With no end to department store consolidation in sight and the venue losing market share to mass merchants and luxury retailers, Liz Claiborne is ramping up its direct-to-consumer business, which encompasses outlet and full-price stores and the Internet, with a goal of 1,400 stores worldwide.
Claiborne opened its first stores for First Issue in 1988, but it wasn’t until the mid-Nineties that its transformation from an apparel manufacturer to a vertical retailer began to take shape.
The company’s retail adventures haven’t always been smooth, however. Its Liz Claiborne flagship on Fifth Avenue and 52nd Street never found an audience after it opened in 1995. The company converted the space to its Mexx concept in 2003.
This year, the entire retail network, including international and domestic company-owned stores, will account for 28 to 29 percent of the company’s total volume, or roughly $1.4 billion. That’s up from 25 percent in 2005, said Trudy Sullivan, president.
“Wholesale is still the biggest piece,” she said, however, “the biggest growth is coming from retail. It could be 40 percent in the next three to five years. If we’d have done the J. Jill deal, it would have been up to 36 percent for 2006.”
Claiborne last month was outbid by Talbots in its effort to acquire J. Jill, a company with retail, catalogue and Internet businesses.
Direct-to-consumer is exactly where Claiborne wants to concentrate its efforts. The challenges department stores are facing is “what’s driving us into the specialty store arena,” Sullivan said. “We have brands that can function well in multiple channels because that’s how we feel consumers behave. Consumers want 24/7 access to products.”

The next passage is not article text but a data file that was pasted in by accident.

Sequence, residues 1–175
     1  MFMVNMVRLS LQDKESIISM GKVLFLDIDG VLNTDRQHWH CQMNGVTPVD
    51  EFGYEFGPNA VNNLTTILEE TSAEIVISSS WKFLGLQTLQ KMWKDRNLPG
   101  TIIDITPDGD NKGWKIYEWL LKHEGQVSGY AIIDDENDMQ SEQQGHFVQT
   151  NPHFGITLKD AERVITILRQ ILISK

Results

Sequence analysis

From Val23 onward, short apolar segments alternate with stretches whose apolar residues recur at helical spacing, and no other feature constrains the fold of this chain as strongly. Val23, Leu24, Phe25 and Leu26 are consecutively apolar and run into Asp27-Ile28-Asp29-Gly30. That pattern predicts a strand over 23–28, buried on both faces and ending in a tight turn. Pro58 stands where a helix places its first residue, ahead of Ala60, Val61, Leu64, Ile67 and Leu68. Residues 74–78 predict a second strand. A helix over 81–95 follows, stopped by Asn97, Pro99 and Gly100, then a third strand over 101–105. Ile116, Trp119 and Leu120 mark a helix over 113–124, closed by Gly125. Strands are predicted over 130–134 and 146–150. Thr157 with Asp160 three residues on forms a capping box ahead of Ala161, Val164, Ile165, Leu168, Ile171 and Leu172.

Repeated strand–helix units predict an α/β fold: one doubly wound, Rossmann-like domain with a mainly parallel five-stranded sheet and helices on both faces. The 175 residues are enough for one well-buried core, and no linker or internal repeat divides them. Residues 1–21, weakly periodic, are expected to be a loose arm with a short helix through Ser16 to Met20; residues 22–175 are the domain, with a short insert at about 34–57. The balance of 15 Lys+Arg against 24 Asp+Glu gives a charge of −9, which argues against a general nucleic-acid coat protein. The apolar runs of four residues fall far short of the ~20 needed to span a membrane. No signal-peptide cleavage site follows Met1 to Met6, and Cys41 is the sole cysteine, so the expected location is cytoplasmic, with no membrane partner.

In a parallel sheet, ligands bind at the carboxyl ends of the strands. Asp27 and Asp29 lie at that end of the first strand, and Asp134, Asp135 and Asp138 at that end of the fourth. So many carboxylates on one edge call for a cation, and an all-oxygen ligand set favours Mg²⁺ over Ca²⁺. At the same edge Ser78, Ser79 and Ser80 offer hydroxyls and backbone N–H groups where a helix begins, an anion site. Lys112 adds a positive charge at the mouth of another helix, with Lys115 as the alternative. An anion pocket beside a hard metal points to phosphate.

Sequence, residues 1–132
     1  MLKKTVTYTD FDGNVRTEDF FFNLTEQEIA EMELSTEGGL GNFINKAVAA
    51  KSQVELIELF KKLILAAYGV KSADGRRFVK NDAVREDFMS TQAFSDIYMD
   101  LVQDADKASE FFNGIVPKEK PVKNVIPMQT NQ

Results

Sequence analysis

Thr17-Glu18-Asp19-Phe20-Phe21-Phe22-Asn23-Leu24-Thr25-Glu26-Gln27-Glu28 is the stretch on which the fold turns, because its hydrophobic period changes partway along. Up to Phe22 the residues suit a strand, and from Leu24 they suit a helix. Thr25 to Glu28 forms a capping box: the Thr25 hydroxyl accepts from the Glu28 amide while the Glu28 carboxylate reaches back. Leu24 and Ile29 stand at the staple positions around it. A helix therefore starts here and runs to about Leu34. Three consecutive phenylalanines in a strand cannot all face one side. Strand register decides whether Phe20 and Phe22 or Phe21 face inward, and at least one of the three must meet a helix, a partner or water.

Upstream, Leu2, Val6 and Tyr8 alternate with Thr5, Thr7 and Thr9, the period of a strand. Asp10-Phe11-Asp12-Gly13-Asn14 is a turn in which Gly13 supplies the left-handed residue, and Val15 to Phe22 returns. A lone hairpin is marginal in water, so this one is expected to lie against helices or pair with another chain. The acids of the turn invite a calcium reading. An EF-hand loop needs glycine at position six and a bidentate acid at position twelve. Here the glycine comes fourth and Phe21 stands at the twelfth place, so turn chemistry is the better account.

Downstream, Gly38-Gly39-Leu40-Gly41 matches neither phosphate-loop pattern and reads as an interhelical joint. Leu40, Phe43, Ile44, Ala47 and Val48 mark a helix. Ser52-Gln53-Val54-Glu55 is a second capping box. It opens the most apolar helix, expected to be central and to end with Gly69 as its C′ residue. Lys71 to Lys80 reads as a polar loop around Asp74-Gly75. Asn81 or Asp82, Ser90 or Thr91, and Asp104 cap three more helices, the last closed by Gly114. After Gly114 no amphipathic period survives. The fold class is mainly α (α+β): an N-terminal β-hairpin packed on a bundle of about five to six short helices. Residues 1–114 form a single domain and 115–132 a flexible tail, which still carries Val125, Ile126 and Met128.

Sullivan sounded unenthusiastic about the prospect of Claiborne developing a brand for the mass market. “Our shareholders don’t like 2 percent profit margins,” she said. “We did apparel for Target a number of years ago. They kind of went to school on us and did it themselves. It would be good to find a way to do it.”
Claiborne has a presence at Kohl’s and Sears, where its brands are priced at the high end of the spectrum.
“We like having a portfolio of brands in a retail space,” Sullivan said. “The portfolio approach is emerging on the retail specialty store side. I notice that Chico’s has four formats and Abercrombie & Fitch has several formats. It was our strategy from Day One.”
The company has designated several “power brands,” which will be the beneficiaries of aggressive expansion. They include Lucky, Juicy Couture, Mexx and Sigrid Olsen. This year the company will open 125 stores for the brands combined. Outgoing chairman and chief executive Paul Charron has said Claiborne will eventually open 200 stores for each of seven brands, bringing the total number of stores to 1,400.
During a conference call this month, Charron said the retail strategy centers on how each of the specialty retail brands — Juicy Couture, Lucky Brands, Sigrid Olsen and Mexx — are positioned in the marketplace. He said each brand has “a unique aesthetic with an especially clear and relevant target consumer.”
“We want to get to critical mass quickly,” Sullivan said. “Our forward guidance has retail and international growing by double-digits. We’re invested heavily in infrastructure to support direct-to-consumer. We have highly leveraged our back-end, store support functions, brand team, planning, merchandising and store operations. We’ve supported it all with a really significant investment in technology.”
E-commerce is an underdeveloped area, Sullivan conceded, but there are plans to develop the Internet businesses of several brands. Lucky, Liz Claiborne, Sigrid Olsen, Juicy Couture, Elizabeth, C&C California and Prana now have e-commerce sites.
“Lucky is doing extremely well and so is Liz Claiborne,” Sullivan said. “We’re using third-party fulfillment. When we looked at acquiring J. Jill, one of our ideas was doing our own fulfillment. We could do a significant business in e-commerce. That whole space is growing by leaps and bounds.”